The NTCA Smart Rural Communities Conference in Washington, D.C. today offered some great examples of how high-speed broadband can improve the quality of life in rural areas.

On one of numerous panels at the event, Keith Gabbard, CEO of Peoples Rural Telephone Cooperative (PRTC) in rural Kentucky, shared the story of a man in his community who was out of work and barely scraping by when he was able to use a high-speed broadband connection to apply for and win a tech support position with Apple.

“It really changed his life,” said Gabbard, who noted that the man was one of over 1500 people in PRTC’s serving area who have been able to get work-from-home jobs, thanks to having excellent internet connectivity.

Catherine Nicolaou, broadband program manager for the City of Albuquerque, talked of a young girl who ran into a community computer center in a neighboring rural area with her first A-grade paper. Nicolaou attributed the accomplishment to having access to high-speed broadband to enable her to do homework and research in a way that she couldn’t before.

“I can’t imagine sitting among my peers and not having the same resources as the kids next to me,” commented Nicolaou. The girl, Nicolaou said, “had a sense of accomplishment.”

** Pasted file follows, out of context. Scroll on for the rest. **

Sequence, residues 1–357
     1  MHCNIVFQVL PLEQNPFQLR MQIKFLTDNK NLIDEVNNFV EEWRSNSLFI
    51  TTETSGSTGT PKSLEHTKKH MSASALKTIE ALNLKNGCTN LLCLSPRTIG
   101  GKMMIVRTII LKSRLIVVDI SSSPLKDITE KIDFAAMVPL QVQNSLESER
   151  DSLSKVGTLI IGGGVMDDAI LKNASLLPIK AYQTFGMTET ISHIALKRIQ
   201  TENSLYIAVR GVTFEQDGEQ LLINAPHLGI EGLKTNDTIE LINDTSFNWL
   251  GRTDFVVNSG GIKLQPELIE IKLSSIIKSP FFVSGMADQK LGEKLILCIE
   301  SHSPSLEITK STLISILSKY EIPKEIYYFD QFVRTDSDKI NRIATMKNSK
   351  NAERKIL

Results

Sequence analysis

Cassidy Hjelmstad, CEO and general manager of SRT Communications in rural North Dakota, described some of the issues that used to arise in towns without health care clinics.

“If you had to take a kid for a sports physical or if they get sent home for, perhaps a fever and you need to take them to the doctor, that’s parents taking time off work,” Hjelmstad explained. “They can’t just get up and leave town to take their kid, to drive 45 minutes to an hour.”

The solution was an e-nursing program operating out of rural schools that were unable to hire a nurse. The schools can use high-speed broadband to connect with a nurse in South Dakota, and connected devices in the school can be used to monitor vital signs to help the remote nurse diagnose a student’s illness.

Broadband Quality of Life

Other examples from conference panels about how high-speed broadband can improve rural quality of life:

  • PRTC helped establish “Living Rooms” in a local library with broadband connectivity where veterans can go to connect with a Veteran’s Administration hospital 90 minutes away.
  • Several Air BnBs have been successful in PRTC’s serving area, in part because they have high-speed connections. They have attracted people who want to get away from city life but still want to be connected.
  • Fresh vegetables can be hard to come by in rural North Dakota, especially in the winter. But SRT customers can use their broadband connection to order food from a large grocery store for delivery to local food lockers for pickup.

A replay of today’s sessions at the SRC event is available at this link.

Other Telecompetitor coverage about the benefits of broadband can be found at this link.

Tocia Johnson contributed to this report

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